SUNIL SAMPAT, proprietor of a Mumbai-based specialty fibreglass equipment firm, has a collection of over 9,000 long playing (LP) records, mostly original pressings and some rare 78 RPM records made of shellac (RPM is revolutions per minute). Recently, Sampat’s friend, a veteran equity investor and a fellow collector, told Sampat that he was glad he had “not bought Wipro shares in the mid-’80s but spent the money on records.” His logic: He gets the joy of music and, if he ever needs monetary returns, he can sell his LPs.

That, of course, depends on finding buyers. Some old LPs can fetch thousands of dollars in the global market; others can’t be sold even for a few hundred rupees. It all depends on what buyers want. The condition of the record, the cover, and insert could dramatically affect prices. Original or first pressings command higher prices than reissues. Misprints, withdrawn records, or cover errors are collectibles. An autograph can raise the price considerably—a Mumbai collector was offered Rs 1 lakh for a copy of Michael Jackson’s Thriller autographed by Jermaine Jackson.

So how much is a first pressing worth? “I’d pay Rs 35,000 to Rs 40,000 for an original Abbey Road or Revolver LP by the Beatles,” says Arjun S. Ravi, co-founder of NH7, a music portal; these records have been known to sell for thousands of pounds in the U.K. Neale Murray, managing director of Fountainhead Events, says he’d pay up to Rs 10,000 for an original of David Bowie’s Ziggy Stardust album. He owns an original pressing of The Rolling Stones’ Sticky Fingers in its controversial Andy Warhol cover featuring a working zipper and the Stones’ tongue-and-lip logo. Murray says he’ll never part with it. Pressed, he admits, “hypothetically, I might consider selling for Rs 25,000.”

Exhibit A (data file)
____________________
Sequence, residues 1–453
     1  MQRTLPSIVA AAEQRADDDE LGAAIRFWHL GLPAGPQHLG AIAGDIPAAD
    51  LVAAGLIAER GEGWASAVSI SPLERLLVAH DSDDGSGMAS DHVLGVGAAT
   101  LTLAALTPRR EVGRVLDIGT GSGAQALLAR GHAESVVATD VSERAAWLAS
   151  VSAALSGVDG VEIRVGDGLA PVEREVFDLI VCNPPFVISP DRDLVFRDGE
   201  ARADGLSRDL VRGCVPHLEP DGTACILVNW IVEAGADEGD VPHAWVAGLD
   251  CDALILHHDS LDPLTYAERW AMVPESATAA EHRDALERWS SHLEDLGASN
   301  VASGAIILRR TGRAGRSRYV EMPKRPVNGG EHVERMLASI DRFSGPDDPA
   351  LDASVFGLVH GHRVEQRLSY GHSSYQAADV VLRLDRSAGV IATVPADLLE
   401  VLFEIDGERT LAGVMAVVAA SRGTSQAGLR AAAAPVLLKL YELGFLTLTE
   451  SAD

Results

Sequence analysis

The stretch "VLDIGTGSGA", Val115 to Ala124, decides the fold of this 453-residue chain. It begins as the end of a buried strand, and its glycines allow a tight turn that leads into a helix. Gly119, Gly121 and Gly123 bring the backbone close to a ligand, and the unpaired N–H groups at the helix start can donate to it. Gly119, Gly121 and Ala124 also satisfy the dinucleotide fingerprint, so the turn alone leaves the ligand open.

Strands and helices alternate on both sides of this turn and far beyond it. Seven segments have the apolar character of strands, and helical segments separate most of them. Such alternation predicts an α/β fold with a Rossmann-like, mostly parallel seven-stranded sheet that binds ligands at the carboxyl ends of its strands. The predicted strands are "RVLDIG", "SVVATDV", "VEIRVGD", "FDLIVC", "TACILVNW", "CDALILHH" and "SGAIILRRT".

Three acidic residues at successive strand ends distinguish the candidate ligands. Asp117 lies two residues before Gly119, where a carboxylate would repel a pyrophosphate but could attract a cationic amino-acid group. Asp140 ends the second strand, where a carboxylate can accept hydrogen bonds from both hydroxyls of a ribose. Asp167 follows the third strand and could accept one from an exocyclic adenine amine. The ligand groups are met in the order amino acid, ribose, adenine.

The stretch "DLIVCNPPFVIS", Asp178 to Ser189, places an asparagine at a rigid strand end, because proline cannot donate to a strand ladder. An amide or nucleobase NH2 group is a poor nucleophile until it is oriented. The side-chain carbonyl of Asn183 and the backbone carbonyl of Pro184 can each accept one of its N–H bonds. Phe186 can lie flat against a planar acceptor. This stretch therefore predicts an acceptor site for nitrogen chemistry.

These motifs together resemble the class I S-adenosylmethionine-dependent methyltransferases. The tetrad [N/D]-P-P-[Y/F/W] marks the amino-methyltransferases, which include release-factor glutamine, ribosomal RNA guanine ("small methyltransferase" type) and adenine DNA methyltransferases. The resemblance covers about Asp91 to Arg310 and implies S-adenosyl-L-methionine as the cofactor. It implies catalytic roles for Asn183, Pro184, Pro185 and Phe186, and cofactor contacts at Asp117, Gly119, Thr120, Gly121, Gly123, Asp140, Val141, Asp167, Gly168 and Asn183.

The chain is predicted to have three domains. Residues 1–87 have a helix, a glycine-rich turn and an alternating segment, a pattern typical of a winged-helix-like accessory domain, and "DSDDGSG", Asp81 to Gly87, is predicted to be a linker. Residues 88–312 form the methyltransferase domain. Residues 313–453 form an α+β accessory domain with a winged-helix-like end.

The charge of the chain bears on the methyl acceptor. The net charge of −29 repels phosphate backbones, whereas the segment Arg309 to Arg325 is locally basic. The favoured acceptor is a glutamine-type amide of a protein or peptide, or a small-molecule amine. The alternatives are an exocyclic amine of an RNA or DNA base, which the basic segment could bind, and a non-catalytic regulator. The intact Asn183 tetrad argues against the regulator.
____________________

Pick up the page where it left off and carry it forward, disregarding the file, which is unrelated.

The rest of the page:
Cover artwork can exponentially increase an album’s worth. In the 1980s, Sampat went to a record store in Canada for an Ella Fitzgerald LP, which was available for $140. When he asked for a cheaper version, he was offered the same record in another album’s cover for $10.

Washington, D.C.-based Anand Singh, a World Bank human resource specialist, regularly shells out large sums to add to his 3,000-plus record collection. “I see collecting records not as nostalgia but as my primary source of music,” he says. The most Singh has paid for an LP is $400 (Rs 17,900), for Rickie Lee Jones’s 1979 self-titled debut album. He also paid Rs 10,000 for the 1973 soundtrack of Bollywood film Anamika. Original cost: Rs 30. Collecting LPs is obviously no longer just about the sound of music.

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